Steve Hindy, co-founder and president of Brooklyn Brewery, said that while the U.S. was in a recession over the last several years, his business was able to stay afloat by exporting to countries like Sweden, U.K. and Brazil, which were thriving at the time.
“It enables you to kind of spread your risk around,” Hindy said. “It’s great business if you can develop it, and we’ve been fortunate to have really great partners to work with.”
Today, Hindy is exporting to 20 countries, including Norway, Finland, France and Australia, and anticipates the launch of a brewery in Stockholm, Sweden, and is currently eyeing an additional brewery in South Korea.
“Wherever I go, be it in Europe of Asia or somewhere in the U.S., there are links to what is happening here in Brooklyn,” he said. “The arts, the literature, the music; the whole culture of Brooklyn is a great export.”
It's this type of vision of tapping the international market that led to Manhattan Borough President Scott Stringer's comprehensive export plan for the city, which he unveiled at Brooklyn Brewery last week.
His roadmap, called, “Export NYC: A Roadmap for Creating Jobs Through Exports,” outlines ways for government leaders, business partners and non-profit organizations to embrace the need to help businesses successfully export.
“New York City is the creative class capital of the nation, and we need to make it the export capital as well,” Stringer said. “At a time of slow growth at home, exporting offers businesses of all sizes the opportunity to access vast new markets and lift up the entire regional economy.”
According to the report, although 87 percent of the world’s future economic growth is expected to take place internationally, there has been a lack of “coordinated strategy” when it comes to shipping goods from New York.
Export NYC recommendations include a call to Fortune 500 companies for mentoring smaller businesses in exporting with the development of a New York Export Corps., the creation of a NYC Regional Export Council and Service Sector Task Force to focus on a regional exporting plan, and a focus on the overall diversity of the city’s branding for the international market.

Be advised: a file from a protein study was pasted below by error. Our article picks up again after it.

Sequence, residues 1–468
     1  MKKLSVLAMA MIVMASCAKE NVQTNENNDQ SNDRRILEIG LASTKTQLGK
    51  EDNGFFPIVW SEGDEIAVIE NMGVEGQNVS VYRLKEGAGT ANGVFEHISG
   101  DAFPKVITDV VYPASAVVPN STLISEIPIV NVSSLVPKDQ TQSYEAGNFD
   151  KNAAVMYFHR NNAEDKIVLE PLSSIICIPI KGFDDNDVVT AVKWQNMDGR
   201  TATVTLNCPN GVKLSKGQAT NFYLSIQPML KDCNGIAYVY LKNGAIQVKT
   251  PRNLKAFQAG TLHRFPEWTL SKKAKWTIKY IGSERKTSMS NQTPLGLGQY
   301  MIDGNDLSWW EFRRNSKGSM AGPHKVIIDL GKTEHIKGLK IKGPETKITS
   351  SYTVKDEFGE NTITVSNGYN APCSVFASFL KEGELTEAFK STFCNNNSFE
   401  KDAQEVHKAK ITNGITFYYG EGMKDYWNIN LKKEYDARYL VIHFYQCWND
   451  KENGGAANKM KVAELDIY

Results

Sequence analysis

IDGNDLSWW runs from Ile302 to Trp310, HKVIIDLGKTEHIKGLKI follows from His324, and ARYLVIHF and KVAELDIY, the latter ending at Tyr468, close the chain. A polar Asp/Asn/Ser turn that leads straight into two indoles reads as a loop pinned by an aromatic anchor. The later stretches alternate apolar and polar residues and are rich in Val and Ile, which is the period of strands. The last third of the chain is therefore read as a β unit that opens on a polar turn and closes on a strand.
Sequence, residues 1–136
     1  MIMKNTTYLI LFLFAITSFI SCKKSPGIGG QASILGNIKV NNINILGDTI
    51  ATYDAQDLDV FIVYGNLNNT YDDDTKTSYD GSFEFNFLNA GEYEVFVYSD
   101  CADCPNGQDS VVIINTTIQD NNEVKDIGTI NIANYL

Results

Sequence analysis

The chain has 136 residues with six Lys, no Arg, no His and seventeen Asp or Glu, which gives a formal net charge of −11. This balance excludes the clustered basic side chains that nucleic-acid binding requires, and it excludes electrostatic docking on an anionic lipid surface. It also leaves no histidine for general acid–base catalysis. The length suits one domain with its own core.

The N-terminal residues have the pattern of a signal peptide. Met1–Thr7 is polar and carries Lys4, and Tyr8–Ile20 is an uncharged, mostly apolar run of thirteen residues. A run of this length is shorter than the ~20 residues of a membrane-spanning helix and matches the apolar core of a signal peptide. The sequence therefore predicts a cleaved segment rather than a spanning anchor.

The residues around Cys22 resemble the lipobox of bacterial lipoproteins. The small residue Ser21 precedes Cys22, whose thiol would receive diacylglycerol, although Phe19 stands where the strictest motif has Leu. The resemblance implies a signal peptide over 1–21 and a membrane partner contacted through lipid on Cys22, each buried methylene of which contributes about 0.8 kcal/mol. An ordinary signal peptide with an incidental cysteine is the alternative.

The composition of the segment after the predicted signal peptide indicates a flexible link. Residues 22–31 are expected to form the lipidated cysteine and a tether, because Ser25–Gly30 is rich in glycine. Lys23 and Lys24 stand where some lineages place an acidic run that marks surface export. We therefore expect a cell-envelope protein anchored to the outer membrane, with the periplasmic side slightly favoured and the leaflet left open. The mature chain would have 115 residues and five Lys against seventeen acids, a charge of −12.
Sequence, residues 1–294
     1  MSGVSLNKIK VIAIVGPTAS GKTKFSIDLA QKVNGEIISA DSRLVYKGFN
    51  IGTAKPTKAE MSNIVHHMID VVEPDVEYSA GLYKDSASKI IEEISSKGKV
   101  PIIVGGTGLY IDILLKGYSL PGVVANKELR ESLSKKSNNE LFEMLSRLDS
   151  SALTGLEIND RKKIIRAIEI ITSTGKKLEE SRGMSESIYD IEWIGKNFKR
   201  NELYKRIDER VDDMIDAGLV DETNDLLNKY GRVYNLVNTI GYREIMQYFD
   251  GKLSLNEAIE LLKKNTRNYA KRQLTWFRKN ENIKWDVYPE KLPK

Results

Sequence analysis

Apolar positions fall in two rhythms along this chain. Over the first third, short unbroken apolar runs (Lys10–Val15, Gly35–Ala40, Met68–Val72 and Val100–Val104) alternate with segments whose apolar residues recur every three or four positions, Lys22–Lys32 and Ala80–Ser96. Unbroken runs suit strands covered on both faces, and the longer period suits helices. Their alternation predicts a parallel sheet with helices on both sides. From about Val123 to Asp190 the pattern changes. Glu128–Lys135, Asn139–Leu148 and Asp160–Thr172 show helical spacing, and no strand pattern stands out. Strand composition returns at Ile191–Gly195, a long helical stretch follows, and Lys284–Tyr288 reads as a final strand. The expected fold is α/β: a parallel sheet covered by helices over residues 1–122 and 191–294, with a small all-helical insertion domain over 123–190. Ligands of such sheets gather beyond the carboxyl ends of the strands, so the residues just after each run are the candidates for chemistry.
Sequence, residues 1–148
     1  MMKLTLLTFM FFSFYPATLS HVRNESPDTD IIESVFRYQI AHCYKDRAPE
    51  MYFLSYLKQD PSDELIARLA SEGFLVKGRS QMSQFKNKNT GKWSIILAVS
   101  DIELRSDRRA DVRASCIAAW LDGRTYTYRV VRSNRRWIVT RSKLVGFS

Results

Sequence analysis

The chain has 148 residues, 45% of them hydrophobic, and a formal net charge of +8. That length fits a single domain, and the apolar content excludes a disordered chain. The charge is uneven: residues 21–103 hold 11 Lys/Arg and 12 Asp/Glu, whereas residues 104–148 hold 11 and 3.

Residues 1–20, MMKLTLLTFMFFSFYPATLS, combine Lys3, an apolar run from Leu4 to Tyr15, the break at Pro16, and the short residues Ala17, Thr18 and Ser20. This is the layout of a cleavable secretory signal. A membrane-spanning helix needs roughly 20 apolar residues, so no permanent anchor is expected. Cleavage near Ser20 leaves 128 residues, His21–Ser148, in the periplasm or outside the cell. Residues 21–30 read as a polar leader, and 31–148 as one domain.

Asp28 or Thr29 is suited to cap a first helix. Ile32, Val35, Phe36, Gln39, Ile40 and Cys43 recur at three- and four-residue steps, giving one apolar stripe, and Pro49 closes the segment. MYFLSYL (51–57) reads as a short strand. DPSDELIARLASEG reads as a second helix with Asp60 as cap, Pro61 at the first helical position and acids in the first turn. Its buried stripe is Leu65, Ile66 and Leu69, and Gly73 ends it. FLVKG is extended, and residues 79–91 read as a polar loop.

“We must do more to provide our businesses with the support and guidance they need to sell their goods and services on a world stage,” he said.
Stringer’s office performed case studies with a number of local businesses who have already tackled international commerce, including the New Jersey-based firm WKS & Co., Manhattan architectural firm WORKac, the Brooklyn Brewery and Thea Grant, a small fashion company remaking antique jewelry in Brooklyn.
Thea Grant, co-owner of the DUMBO-based fashion and design company, does 75 percent of her business overseas with clients in Europe, the Middle East and East Asia.
“That’s something that’s come naturally to us,” Grant said. “My dad was an entrepreneur and started Brooklyn Goes Global, and it was my job to bind these books he wrote called the Seven Steps to Export Success.”
According to Grant, the hurdles surrounding international laws and restrictions can be enough to scare an aspiring entrepreneur away from dealing with other countries.
As a jeweler, she says the laws can be even more subjective.
“When we started selling little keychain cap pistols in our jewelry, I was scared to death that these were going to get ripped off in customs,” she remembered. “I called at least five different government agencies to see if I could ship that.”
Along with aesthetic restrictions, Grant said it has also been difficult finding which countries can even afford her products, as international taxes can cause inflation, especially in the European market.
“There’s a lot of knowledge you have to have, and it’s all spread out in all these little myriads of different places,” she explained. “We need to gather it into one place so it’s a one-stop shop.”